acre and a quarter devoted to the frog
Arrhery clubs are tmpuiar with girls
because lhey always like to liend tin ir
beau. Get him down on his kness. as it
were, or on the string, so to speak
it heeling leader.
If you were as wilting to be as pleas
ant and as anxious to pieasc in your own
house as you are in tin- company of your
neighbors, you would have the happiest
I tome in the world.
A cat thai has no place in tbe heart of
a family is like a hail penny. The
boys can'tcarry il into sucli out-of-the
way plac<#iuid by such eircuithus routes
but it wi Hal ways mum. —fbn du Luc
The custom of bearing two Christian
name* is of recent origin. An author
who has made n*e*r h states tiial,
down to tbe reign of lueen Anne, be
was unable to discover any person liear
ing more than one Christian name.
William L, who was a DflNutm, was
the first king of England who bore two
According to private advices recently
receiver by a gentleman in Washington
(rum one of the ofiie vs of the Hot than!
Railway Company, the work upon tlie
great tunnel through the Alps, which,
when completed, wul be upward of eight
miles long, is prop-easing favorably,
some 10,000 men licing etnpk>yd on the
line and a distance of less than 1.066
yards remaining to be pierced.
Colonel MeC'lure kh-ked a man oat of
an Alabama hotel for a personal affront.
Six months after be saw the same man
kicking another poor fellow out of an
other hotel. -Tush, man," said tlie
colonel. hold, bnt .tint you the same
man I kicked out of the Nassau House a
littie while ago?" ** Keep stiil. colonel."
was the response. " Don't you say one
word; you and I know whom it will do
to kick."—BaUl (jfaaett*.
The other night at * London club
•ome Americana werr boasting about
Uioir inven'ion*. and the wonderful nw
chine* to bo found in the Sutn. (too of
Uuni told of tin* well-known mincing
machine which, a live pig I wing intro
duced at one end. turns out th> animal
in sausages at the other. An irishman,
who v not going to hare the Yankees
tiding rough-ahod orer ever? other na
tion. turned on them and said: " Ibalad.
we've got the same machine in Ireland,
only ours is more perfect, sure, lor if
vou don't like the sausages, you <-anr *%
them back into the machine, and ay re
versing the action they'll come out a live
pig again whsre he went in."
Row a Woternar Reposed ■ Tie Chief.
tlov. MeCook is tlte man who cause
Colorow's deposition as a chief. l>ur
ing his administration Colo row and a
band of I" tea came to this city and
camped on the outskirts, tine day the
chief sent word that he wanted a new
tent. McCook dispatched an agent to
see in what condition Colorow's tent
was. and the report was that he did not
nesl a new tent, and McCook accord
ing!* refused him. In the afternoon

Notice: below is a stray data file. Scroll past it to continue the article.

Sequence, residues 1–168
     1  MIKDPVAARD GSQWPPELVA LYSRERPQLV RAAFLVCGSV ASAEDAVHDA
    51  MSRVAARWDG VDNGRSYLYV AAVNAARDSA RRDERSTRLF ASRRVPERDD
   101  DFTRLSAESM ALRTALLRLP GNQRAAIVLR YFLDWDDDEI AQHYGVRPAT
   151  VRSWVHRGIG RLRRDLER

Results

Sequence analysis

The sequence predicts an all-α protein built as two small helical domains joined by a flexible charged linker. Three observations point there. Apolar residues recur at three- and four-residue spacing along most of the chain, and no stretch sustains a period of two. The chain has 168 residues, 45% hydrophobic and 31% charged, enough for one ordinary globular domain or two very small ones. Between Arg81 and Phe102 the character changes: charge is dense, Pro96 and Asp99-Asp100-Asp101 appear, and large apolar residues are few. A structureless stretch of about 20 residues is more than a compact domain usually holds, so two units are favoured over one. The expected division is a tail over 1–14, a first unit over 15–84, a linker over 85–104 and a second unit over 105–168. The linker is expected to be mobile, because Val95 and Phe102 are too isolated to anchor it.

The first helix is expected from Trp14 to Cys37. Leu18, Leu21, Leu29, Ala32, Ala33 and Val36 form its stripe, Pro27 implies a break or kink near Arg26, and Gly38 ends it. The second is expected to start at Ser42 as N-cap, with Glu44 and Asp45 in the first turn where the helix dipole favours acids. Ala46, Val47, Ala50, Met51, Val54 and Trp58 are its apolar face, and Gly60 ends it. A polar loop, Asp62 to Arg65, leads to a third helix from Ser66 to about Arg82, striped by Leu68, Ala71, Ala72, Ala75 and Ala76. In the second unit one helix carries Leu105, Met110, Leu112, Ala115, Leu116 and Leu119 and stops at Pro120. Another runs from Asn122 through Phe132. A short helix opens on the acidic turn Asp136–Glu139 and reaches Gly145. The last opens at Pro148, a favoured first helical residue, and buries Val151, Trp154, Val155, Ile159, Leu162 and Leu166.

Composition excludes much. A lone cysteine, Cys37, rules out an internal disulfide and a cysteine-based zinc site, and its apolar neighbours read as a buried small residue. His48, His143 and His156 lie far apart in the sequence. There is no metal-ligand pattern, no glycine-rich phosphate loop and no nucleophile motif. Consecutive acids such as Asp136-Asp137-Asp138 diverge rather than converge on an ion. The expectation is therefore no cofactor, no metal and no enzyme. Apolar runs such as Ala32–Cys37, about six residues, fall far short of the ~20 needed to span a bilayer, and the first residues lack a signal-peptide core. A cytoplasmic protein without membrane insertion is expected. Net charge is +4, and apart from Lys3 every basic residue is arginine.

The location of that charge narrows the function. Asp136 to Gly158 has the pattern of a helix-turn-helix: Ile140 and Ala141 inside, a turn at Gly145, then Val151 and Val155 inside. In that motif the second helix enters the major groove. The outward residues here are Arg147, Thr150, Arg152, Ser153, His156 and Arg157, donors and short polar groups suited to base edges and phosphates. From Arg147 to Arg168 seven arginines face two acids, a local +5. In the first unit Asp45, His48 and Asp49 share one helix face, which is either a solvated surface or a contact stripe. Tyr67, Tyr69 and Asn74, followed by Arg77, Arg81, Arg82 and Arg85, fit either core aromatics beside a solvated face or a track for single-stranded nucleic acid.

while the Governor was in his office Co
lo row came in half drunk, with a re
volver in Ids h:ind. and came over
where McCook was writing and sat
down. The Governor took in the situa
ion at a glance, hut did not look up.
'• McCook. liar!" said Colo row.
The Governor went on writing.
"MeCook liar!" repeated tha
Still McCook continued with his work.
'• Mt-Cook liar," said Colo
row reaching a climax.
Nevertheless MoCook won I<l not look
By this time Colorow had concluded
that there was no right in the (Coventor,
aw* allowed the hand containing the re
volver to drop to his side. The move
was a fatal one. In an instant McCook
seised his wrist, knocked the weapon
away from him, and. catching the
astonished Indian by the neck, kicked
him down stairs and out into the street,
where there were a number of Utes
standing about. With great tactMcCook
pointed to the prostrate and liuiuili&ted
form of Colon>vv, and turning to the
Utes said: "No man to lead braves.
Colorow an old woman. (Jet a man for
a chief." Then turning on his heel he
walked up stairs. The next day the
mortified Utes deposed Colorow.—Den
A (ant ion A Wont Shot n frame.
This being the season when game
killed by shooting, and probably con
taining the pellets, is eaten, it may be
worth while to caution those who con
sume the llesh of birds with avidity that
the proportion of instances in which
shot is found is probably small in com
parison with the number ef cases in
which the pellets are unwittingly swal
lowed. It is a matter of speculation
how much mischief a shot may do in
passing into the intestines, but the fact
that anomalous diseases have lieen set
up by the presence of very small bodies
which have become entangled in folds
of the mueoi s membrane renders it de
sirable to put the public on their guard.
Occasionally the most disastrous results
have followed such small causes. We
have in recollection the case of a physi
cian who died after prolonged and unex
plained sufferings, from the impaction
of a very small nail wbMi had found its
way into a pudding, ard was inad
vertently swallowed. A -little care will
avoid this contingency, hut, remember
ing that the bird had bem shot, some
pains ought certainly to be taken to
avoid swallowing the minile.— Lancet.